Dealing with Injuries

If you are genuinely going to live a fit and active lifestyle, the occasional injury is part of the process.

Prevention is the name of the game, but at some point in the process of pushing yourself, something will pop, snap, or crack… If you are practicing good form and taking the necessary precautions, the injuries should be relatively minor and easily healed with some “time off”.

Depending on the individual circumstances, an injury can be very emotionally draining. If it prevents an active individual from performing at the level they are accustomed to, or if the individual loses strength/size, the mental response can be pretty tough.

I am going to be offering advice based on MY experiences with injuries over the years. ALWAYS consult a doctor when determining how to deal with an injury. You need to ensure that continuing your planned routines will not be detrimental to your recovery.

The first thing you need to do upon injuring yourself is rest. Depending on how much pain you are in, this can mean a variety of different things. Personally, when I popped something in my lower back last week I was able to transition from leg day into a light chest day for the workout. The next day I was very stiff so I took the whole day off. I was back in the gym 48 hours after my injury hitting some reduced intensity upper body moves. I will post a quick video from that workout soon. I kept the weight belt on for most moves (military press for example). After about 4 days the direct pain in my back was gone and the stiffness had subsided. I was able to hit a reduced weight leg work out that limited the stress on the lower back by using machines (as seen in the video above). In my experience, injuries of this nature can take between 2-4 weeks to recover with adequate rest.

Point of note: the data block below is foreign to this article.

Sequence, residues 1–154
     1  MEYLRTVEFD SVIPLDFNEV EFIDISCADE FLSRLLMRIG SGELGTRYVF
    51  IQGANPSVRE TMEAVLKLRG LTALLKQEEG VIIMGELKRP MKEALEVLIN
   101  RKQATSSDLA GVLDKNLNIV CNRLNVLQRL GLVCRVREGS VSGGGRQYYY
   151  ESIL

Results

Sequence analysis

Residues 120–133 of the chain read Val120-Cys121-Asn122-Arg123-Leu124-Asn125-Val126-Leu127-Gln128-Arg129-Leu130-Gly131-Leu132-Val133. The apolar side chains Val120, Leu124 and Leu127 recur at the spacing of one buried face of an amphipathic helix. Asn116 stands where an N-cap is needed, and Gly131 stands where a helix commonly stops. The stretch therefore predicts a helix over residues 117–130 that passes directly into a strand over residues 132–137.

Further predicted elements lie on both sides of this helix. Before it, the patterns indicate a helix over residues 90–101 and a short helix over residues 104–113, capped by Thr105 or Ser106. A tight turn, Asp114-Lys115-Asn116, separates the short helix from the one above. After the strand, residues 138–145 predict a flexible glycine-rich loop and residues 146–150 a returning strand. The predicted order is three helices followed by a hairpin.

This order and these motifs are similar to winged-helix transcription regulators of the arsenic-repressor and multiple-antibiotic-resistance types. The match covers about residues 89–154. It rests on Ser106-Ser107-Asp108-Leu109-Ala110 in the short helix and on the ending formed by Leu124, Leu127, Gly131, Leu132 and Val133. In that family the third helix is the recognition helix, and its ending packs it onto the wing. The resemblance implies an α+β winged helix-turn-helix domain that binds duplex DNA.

After some adequate rest time and easing your way back into some light weight training you will need to push it in order to achieve your pre-injury training intensity. The longer you have been working out for, the better idea you will have about when this is appropriate. For newer lifters, or those with limited experience recovering from injuries, I would always lean more towards a very patient approach.

Before pushing any substantial weight, you need to regain your full range of motion, pain free. Once you are able to practice the full range of motion for whatever body part was injured, begin SLOWLY adding weight. This can be a shot to the ego, but it is essential. A few years back I injured my pec. It was a minor tear and was able to recover on its own. But, when I started reintroducing weights I was bench pressing 20 lb dumbbells. Needless to say, as a guy with almost 12 years lifting experience, it’s tough not to jump into “normal weights”.

Nutrition is not only important when recovering from a workout, but also when recovering from an injury. This is an often overlooked element.

Healing from an injury can take weeks or even months (healing time can vary from person to person), but you can dramatically accelerate the healing process by getting adequate nutrition and maintaining a healthy lifestyle.

There are foods that have inflammatory effects and foods that have anti-inflammatory effects on the body. Fried foods, processed flour, tomatoes, potatoes, and hot peppers are some examples of inflammatory foods that should be avoided when try to accelerate recovery. Some anti-inflammatory options are garlic, radishes, and beets. Fresh ginger can be incorporated as well.

Micro nutrients to include when recovering:

Multivitamins: Helps prevent vitamin and mineral deficiencies and aids tissue repair.

Zinc: Important in tissue repair.

Vitamin C with Bioflavonoids: An important antioxidant which helps tissue repair and growth.

Magnesium: Strengthens wounded tendons and ligaments.

BCAA’s: Help promote the healing of muscle tissue, bones, and skin.

Essential fatty acids: Speed up recovery and promotes cellular health.

Glucosamine: Helps strengthen and form tendons, cartilage, ligaments, and joint fluid.

Calcium: Helps repair connective tissue.